blueberries fruit

Blueberries – What they Need

We use to have a lot more access to pine needles where we use to live.  I could use tons of them if I could still get them. Fortunately, for the last couple of years Bill has been able to find a place where he can get a small truck load of them. And that amount will probably be just enough for my blueberries inside the garden .

Replenish Organic Matter each Fall

It always amazes me how much organic material I pile around my blueberries every fall.  A least a foot deep if not more. By late July or August — all but a thin 1/4 inch is gone.  Oxidized — decayed — kaput —!

I’ve already put leaves around them this week and with this nice layer of pine straw to go over that —- my bushes will be well fed and happy.  And as you know — I don’t water —- so I also need all this nice mulch and organic matter to help maintain the moisture level around the berries all year.

Example of Results

We had drought in April last year — which is rare. Then we had another 6 weeks of drought in mid-summer — which is usual.  In  spite of that, the berries still gave me a bumper crop — although at one point towards the end of the season — I thought they were going to quit on me about two weeks ahead of time.  Fortunately, we had just enough rain to keep them going.  (I pick blueberries for 7 to 8 weeks each year.)

Root Competition

As I have mentioned in previous posts, blueberries don’t like any competition —- even from the most simple of things —- like Arugula that has a strong tap root, a flower with roots like Rudbeckia, or invasive tree roots.

The roots of blueberries stay pretty close to the top of the soil.   If you’re the kind who does a lot of cultivation around your plants (I don’t find this necessary at all) — be careful not to disturb the roots of your blueberry plants.

Worth Another Mention

I’ve mentioned this several times in the past, but it’s worth repeating.

You’ll read a lot online about how blueberries prefer acid soil and won’t grow in any other.  I am sure that somewhere in the world that might be true, but fortunately no one ever told my blueberry bushes about it.

My soil ph is about 6.7 to 6.9 and has been since it was improved years ago.   That is FAR from acid.  Closer to neutral.

I’ve lost bushes to root competition  — but never to improper soil ph.  And I’ve grown blueberries for 14 years.

And NO — pine needles do not make the soil acid.  Organic material that decays into organic matter raises the soil ph.


My Sunshine blueberries in the garden don’t need a lot of pruning but they do need some.  Right after the berries finished at the end of July  I cut out the dead wood and trimmed a few branches that needed it.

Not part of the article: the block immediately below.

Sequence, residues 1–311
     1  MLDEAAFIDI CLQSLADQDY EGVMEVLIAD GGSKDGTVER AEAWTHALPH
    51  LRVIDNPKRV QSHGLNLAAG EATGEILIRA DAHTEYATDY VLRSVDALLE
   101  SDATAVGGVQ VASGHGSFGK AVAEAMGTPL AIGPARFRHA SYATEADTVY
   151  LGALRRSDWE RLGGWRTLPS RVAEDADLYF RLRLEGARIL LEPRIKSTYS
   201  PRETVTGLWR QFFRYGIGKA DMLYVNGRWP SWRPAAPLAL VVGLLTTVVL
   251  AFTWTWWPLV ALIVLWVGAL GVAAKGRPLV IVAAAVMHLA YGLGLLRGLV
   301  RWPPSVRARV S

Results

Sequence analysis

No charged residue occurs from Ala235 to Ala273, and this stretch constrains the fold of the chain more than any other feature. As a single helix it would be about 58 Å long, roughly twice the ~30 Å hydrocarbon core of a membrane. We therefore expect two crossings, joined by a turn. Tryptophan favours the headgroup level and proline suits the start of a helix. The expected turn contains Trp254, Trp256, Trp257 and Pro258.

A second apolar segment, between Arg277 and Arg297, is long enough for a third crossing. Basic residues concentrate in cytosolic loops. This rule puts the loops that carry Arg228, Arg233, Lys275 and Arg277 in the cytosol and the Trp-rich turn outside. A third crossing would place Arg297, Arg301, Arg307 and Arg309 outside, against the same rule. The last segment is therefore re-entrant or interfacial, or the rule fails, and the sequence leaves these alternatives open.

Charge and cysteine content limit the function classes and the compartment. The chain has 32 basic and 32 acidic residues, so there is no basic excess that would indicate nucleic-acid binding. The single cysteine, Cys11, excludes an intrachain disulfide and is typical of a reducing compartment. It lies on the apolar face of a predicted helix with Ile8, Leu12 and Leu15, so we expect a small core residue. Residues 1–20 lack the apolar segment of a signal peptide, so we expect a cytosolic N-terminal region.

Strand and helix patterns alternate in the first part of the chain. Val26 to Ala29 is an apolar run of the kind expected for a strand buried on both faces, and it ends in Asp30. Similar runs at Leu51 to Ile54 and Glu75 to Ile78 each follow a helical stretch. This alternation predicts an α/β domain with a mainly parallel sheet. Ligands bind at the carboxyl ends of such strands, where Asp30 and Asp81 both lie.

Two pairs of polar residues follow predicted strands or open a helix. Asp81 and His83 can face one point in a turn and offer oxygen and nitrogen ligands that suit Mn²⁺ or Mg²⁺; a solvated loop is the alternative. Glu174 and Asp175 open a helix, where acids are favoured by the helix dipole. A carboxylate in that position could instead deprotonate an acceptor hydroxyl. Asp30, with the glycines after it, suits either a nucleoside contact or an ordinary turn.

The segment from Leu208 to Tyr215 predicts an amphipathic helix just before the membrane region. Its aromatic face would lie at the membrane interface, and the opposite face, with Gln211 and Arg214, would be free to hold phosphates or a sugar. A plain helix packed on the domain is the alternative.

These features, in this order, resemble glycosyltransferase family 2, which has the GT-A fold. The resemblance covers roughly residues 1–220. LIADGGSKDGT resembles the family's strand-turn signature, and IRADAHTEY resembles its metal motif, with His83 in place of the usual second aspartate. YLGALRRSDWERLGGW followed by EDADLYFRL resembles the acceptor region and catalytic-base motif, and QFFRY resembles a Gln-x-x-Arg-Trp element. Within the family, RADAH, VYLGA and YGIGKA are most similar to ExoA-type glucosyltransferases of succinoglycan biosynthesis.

My old bushes are still doing great but I planted more backup bushes this spring. I’ll be anxious to see the growth this coming spring brings.

Final Thoughts

Blueberries are so easy and rewarding.  Having blueberries in my freezer to get me through the dead of winter is big living in my book.

If you like blueberries and you don’t have a bush or two —- what are you waiting for?!

Related Posts:

Blueberry Bushes – Growing Blueberries

Blueberries – Notes

Blueberry Tip

Pruning Blueberry Bushes

Organic Gardening is easy, effective, efficient —- and its a lot healthier.


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  • Hello! Im so glad to read this. I purchased a blueberry plant this last year and put it in a big container and wondered about the acidic soil since it didnt do much outside of one longer shoot. I read somewhere that you need more than one plant for them to produce. Have you ever heard that? Thanks for the great articles!


  • Do you net your blueberry bushes once the fruit starts coming in?

    The biggest problem I have with small fruits is bird predation. The one year I netted my dwarf sour cherry tree, I was having to free birds entangled in it several times a day. After finding a beautiful but very dead male Scarlet Tanager entangled in the netting, I was completely heartbroken, & gave up covering small fruits for good. Have never been able to harvest any cherries for myself since. Birds always get them first since they’re willing to eat them before they’re fully ripe.

    Can’t see how I’d get to harvest any blueberries either without some sort of cover.

  • Hi Alicia,
    A lot depends on the variety of blueberries you have. Sunshine blue — my oldest variety — does not need another variety to pollinate and produce blueberries. The other varieties usually do need another variety to pollinate and produce berries.